So, you're going to have to wait one more quarter before you can roll out that slick CRM (customer relationship management) package you just purchased. While you wait, there's no need to be completely in the dark about what your customers want and need. Just ask them. That's what property and casualty insurance provider Fireman's Fund Insurance Co. (FFIC) did. The tricks that this 139-year-old dog learned about customer service led to the rollout of highly sophisticated portal technology. "In an attempt to validate our approaches to customer service, we held several focus group sessions with independent agents and with our customers," says Dennis Bosman, product director for FFIC. "They told us they wanted better access to forms and information. They told us they wanted access through Web portals. And, they told us what capabilities they wanted built into the portals."
As a result of these meetings, FFIC now maintains six customer-facing portals, each designed for a specific vertical industry: retail, restaurant, real estate, hotel, manufacturing, and wholesale. (Seventy percent of FFIC's business is in the commercial arena.) Using the portals, customers can download claim forms, check industry-specific news feeds, and order educational videotapes. They can also view PDF files containing brochures and reports on insurance-related topics such as facility maintenance, loss prevention, and employee health and safety.
Even though it was the focus group sessions that triggered the portal deployment, FFIC had known for some time it needed to improve customer service. In fact, the decision to assemble focus groups reflected problems that had been occurring in places far removed, in terms of technology, from the sheen of customer portals. They festered in such mundane places as closets in employees' and agents' offices, trunks of their vehicles, and shelves in FFIC's warehouse. In those spots, materials intended for customers had been piling up - overproduced and underused.
Get Rid Of Warehouse Waste
The impetus for addressing the problems came primarily from FFIC's loss control department. Loss control is responsible for doing safety inspections of potential insurees and for informing current customers about loss prevention and safety. By providing educational materials such as tips, studies, and training videos, loss control hopes to reduce the number and frequency of customer claims. The logic is simple: Safer work environments and procedures mean fewer accidents and losses.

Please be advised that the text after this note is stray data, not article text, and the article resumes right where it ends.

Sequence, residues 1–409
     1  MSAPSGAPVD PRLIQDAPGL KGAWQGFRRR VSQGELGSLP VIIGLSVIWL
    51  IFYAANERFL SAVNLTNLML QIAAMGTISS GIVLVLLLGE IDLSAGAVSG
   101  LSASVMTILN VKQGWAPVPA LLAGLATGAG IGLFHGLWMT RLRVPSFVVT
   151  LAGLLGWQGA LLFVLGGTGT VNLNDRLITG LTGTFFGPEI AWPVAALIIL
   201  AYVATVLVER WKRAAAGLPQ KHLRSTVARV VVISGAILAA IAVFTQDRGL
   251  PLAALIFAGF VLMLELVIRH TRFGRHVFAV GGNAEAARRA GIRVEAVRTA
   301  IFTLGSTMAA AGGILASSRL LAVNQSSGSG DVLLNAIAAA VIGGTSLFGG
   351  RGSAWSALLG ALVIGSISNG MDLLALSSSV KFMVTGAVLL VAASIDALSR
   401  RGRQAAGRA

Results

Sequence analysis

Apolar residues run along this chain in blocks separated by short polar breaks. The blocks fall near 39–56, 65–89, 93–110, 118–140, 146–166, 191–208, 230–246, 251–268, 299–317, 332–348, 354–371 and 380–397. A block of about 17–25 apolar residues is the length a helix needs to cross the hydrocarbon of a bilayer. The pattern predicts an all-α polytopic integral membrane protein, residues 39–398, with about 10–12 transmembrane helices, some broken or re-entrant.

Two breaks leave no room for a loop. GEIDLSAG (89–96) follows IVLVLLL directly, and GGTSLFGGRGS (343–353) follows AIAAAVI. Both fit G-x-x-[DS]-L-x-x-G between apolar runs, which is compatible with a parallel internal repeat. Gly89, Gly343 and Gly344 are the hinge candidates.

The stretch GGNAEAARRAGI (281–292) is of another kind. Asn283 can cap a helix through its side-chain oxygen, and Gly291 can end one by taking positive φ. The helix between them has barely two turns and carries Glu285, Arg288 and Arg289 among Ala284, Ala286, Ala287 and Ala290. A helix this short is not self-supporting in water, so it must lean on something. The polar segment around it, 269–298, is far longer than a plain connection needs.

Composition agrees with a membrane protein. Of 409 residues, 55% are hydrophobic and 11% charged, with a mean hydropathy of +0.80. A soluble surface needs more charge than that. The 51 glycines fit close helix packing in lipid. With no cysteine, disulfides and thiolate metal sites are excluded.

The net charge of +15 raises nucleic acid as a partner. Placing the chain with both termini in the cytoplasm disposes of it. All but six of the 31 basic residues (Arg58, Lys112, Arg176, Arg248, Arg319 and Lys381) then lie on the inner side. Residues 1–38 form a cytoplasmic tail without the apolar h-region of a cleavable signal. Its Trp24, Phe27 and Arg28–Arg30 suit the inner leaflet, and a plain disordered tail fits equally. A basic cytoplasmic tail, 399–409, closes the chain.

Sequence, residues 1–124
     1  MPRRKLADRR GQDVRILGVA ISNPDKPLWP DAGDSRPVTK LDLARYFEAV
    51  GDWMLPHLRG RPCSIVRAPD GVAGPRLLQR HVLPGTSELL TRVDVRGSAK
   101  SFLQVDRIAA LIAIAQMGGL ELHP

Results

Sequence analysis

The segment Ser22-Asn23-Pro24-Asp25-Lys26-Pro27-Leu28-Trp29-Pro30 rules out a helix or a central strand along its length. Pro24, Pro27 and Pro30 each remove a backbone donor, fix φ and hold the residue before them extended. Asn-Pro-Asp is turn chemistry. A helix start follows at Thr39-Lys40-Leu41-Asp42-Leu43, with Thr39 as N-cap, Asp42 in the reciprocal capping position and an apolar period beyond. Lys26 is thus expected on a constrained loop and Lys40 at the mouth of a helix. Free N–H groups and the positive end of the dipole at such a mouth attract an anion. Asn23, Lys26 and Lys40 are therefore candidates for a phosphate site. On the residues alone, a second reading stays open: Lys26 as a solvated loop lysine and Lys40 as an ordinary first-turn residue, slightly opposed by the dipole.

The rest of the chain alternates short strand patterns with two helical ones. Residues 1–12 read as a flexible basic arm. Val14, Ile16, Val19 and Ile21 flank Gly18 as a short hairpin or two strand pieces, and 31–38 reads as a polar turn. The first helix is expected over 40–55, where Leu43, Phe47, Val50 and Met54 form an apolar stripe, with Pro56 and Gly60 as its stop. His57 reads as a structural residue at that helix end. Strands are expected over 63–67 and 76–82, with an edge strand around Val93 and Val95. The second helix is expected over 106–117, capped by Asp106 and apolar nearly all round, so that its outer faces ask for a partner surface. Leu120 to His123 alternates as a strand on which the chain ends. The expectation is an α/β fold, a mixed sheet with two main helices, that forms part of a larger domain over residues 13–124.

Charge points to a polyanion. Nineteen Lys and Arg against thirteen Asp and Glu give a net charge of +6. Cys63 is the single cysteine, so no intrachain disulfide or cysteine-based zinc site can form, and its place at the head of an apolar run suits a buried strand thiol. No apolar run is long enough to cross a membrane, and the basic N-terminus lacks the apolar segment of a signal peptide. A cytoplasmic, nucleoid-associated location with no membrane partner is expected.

Until early 2000, FFIC had no system in place for monitoring either the distribution of those materials or the demand for them. Independent insurance agents, as well as FFIC employees in regional offices, simply ordered materials from the warehouse, which shipped them out to the field offices. Employees and agents would, in turn, mail or hand-deliver the materials to customers, whether or not the customers had specifically requested them.
The distribution process was fraught with costly inefficiencies. Because customers couldn't directly order materials, FFIC frequently incurred the expense of shipping the materials twice - first from the warehouse to a remote office, then from that office to a customer. Because the catalog of available materials was maintained in a stand-alone database, FFIC had no way of tracking distribution to determine how much it was spending on servicing particular customers with materials.
Moreover, FFIC suspected it was replenishing inventory that, in reality, existed in abundance - just not in the warehouse. It existed in what might best be described as "inventory sprawl." Field employees and independent agents, attempting to sidestep the reordering process, commonly stockpiled materials. "We would go into an expensive reprinting process when only 10% of the depleted inventory may have actually been sent on to customers," Bosman admits. In addition to prompting costly warehouse restocking, the habitual stockpiling created delays in getting materials out to customers. So much for keeping customers on the road to loss prevention.